Past, Present or Future? *

David A. Gershaw, Ph.D.

Everyone has asked themselves, "Who am I?" "Where am I?" and "Where am I going?" Each of these questions has a different time perspective. Even though we live in the present, we might be oriented toward any time frame past, present or future. This time orientation can greatly influence our lives.

Orientation to the past provides us with an autobiographical sense of self who we are. Memories of those who spawned us give us a sense of tradition, commitment, responsibility and even guilt.

Future orientation enables us to plan, to set goals and achieve them, and to have anxiety about these goals being thwarted.

The present is dichotomous "things either are or they are not." The present is where we play, fear, and savor the joys of living. At birth, we know only the present. As we grow, our society can train us to emphasize any time perspective.

Individualistic cultures like ours with its Protestant ethic tends to emphasize future orientation, while collectivist cultures are more likely to stress a past or present orientation. For example, Japan combines its traditional focus on the past with an obsession for the future. This gives it a very prosperous economy, but Japanese workers have the least amount of vacation time of any country in the world.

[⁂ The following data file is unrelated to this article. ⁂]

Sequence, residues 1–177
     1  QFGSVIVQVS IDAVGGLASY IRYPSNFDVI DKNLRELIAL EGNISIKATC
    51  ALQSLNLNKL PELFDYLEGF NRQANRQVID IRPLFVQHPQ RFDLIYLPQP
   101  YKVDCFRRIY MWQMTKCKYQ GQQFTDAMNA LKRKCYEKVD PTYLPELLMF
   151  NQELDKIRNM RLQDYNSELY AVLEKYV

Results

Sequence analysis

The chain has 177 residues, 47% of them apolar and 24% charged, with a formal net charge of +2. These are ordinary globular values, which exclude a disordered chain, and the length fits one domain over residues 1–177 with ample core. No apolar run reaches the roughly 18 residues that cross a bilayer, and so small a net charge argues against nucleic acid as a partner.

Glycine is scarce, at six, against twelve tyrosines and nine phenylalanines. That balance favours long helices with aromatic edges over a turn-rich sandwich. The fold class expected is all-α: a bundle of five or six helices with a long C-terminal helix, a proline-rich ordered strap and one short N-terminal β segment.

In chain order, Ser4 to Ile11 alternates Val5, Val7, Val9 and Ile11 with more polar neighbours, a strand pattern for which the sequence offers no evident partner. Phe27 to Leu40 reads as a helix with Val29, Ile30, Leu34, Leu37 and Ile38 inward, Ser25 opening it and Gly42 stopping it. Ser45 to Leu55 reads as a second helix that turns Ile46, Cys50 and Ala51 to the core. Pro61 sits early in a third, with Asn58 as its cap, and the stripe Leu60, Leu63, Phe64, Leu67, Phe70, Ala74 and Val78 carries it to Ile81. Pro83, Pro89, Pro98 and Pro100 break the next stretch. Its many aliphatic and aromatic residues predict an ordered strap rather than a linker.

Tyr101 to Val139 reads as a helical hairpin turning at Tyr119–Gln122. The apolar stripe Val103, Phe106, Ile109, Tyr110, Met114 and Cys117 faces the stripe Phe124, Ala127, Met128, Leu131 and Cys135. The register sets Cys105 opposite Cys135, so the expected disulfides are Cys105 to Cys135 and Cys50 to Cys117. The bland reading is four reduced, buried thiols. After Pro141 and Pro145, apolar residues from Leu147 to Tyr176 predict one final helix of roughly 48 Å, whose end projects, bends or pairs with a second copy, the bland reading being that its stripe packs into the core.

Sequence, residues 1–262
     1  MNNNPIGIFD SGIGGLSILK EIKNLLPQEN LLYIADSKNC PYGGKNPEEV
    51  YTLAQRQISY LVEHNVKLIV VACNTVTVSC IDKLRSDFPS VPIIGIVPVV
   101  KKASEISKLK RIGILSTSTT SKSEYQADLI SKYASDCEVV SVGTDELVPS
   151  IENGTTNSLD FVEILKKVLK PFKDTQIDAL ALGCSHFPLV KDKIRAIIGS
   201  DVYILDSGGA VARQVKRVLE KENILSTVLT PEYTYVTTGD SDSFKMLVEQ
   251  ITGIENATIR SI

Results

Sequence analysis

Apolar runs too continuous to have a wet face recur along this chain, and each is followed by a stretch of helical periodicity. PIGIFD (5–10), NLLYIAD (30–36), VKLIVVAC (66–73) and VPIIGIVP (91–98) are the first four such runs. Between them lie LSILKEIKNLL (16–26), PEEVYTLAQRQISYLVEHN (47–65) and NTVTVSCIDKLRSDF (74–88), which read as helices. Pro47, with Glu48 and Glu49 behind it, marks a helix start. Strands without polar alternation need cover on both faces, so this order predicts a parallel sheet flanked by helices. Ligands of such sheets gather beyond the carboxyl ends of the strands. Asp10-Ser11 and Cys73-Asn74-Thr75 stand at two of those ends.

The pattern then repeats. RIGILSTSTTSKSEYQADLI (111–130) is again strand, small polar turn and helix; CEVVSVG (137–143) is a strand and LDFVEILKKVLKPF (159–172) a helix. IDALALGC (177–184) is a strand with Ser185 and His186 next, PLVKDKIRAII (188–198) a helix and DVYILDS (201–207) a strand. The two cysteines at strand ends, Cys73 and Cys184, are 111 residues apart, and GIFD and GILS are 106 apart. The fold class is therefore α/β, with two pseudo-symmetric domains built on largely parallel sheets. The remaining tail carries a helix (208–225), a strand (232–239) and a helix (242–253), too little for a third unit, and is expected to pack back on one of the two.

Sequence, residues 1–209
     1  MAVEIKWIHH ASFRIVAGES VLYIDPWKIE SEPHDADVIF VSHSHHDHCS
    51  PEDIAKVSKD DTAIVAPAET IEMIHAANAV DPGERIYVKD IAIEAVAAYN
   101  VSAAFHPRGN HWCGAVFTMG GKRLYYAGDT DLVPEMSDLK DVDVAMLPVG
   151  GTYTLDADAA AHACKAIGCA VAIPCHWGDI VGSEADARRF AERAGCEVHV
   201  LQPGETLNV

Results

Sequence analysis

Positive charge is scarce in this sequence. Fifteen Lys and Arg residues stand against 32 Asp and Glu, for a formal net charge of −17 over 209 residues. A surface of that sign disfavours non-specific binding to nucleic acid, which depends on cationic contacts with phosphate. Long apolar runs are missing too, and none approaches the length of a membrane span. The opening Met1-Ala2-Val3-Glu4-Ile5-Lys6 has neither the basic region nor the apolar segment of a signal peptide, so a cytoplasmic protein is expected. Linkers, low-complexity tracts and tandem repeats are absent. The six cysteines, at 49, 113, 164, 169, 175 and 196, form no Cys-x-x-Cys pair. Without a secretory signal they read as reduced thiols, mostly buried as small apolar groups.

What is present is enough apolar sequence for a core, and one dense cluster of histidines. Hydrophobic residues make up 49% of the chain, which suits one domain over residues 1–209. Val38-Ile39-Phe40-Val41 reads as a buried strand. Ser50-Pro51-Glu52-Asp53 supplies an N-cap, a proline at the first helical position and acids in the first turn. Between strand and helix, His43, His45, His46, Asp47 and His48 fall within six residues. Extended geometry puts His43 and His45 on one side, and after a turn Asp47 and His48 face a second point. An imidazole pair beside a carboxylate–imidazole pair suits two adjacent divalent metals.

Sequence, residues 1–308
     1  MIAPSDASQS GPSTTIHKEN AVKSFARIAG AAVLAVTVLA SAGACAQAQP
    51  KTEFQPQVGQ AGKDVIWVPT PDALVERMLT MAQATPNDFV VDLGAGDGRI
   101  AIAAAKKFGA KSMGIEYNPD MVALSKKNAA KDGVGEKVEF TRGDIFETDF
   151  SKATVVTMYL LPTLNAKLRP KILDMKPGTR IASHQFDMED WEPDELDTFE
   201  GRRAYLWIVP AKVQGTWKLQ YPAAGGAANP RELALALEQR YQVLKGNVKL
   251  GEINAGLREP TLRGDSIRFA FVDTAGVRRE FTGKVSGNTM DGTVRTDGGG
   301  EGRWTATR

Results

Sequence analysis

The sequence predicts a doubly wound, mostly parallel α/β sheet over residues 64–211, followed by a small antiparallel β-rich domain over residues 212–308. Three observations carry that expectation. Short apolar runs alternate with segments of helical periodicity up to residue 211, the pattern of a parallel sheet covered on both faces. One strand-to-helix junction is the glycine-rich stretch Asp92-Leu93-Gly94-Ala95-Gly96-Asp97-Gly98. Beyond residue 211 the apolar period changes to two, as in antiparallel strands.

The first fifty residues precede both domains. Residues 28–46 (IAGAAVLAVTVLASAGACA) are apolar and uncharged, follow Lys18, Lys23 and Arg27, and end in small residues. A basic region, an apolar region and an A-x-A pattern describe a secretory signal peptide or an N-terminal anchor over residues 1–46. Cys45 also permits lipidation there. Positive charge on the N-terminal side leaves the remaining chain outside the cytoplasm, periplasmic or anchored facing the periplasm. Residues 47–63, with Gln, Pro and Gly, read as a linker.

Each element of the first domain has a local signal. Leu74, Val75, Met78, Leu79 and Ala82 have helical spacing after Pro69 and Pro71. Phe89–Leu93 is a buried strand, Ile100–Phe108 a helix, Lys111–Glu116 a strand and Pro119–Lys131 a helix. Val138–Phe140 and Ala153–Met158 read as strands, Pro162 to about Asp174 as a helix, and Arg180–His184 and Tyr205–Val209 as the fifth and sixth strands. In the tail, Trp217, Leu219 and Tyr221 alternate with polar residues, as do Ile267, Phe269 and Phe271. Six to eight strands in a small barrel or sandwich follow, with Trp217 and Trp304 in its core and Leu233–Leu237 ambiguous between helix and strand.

As a contrast, the youth of the Woodstock Era emphasized an expanded present. The present situation is king, and one's sense of tradition, standards and morality is irrelevant. More recently, both American and Japanese youth are being influenced by the present-oriented video games and MTV messages of "Just do it! ", causing a conflict between generations. Because they have different time orientations, the adults in both cultures have a hard time understanding the younger generations.

Philip G. Zimbardo of Stanford University hypnotized some students to produce either future orientation or an expanded present orientation. In contrast to their future-oriented peers, college students in the expanded present become more child-like. They are more emotional and more impulsive. They think less and react more, and they are less efficient in meeting deadlines for tasks.

Zimbardo found more differences among other students in both high school and college, whose time orientations were determined by administering the "Stanford Time Perspective Inventory."

In developing a time perspective,
the key idea seems to be "balance."

People who hold more extreme time-oriented views are more intolerant of those who have contrasting time orientations. A healthy alternative is to develop a balance between past, present and future orientations. We can cherish the past, plan for the future and still enjoy the present.

* Adapted from Philip G. Zimbardo's talk, "Whose Time Is It? I Think I Know: Research on Time Perspectives," presented at the American Psychological Association Convention in Los Angeles, August 13, 1994.

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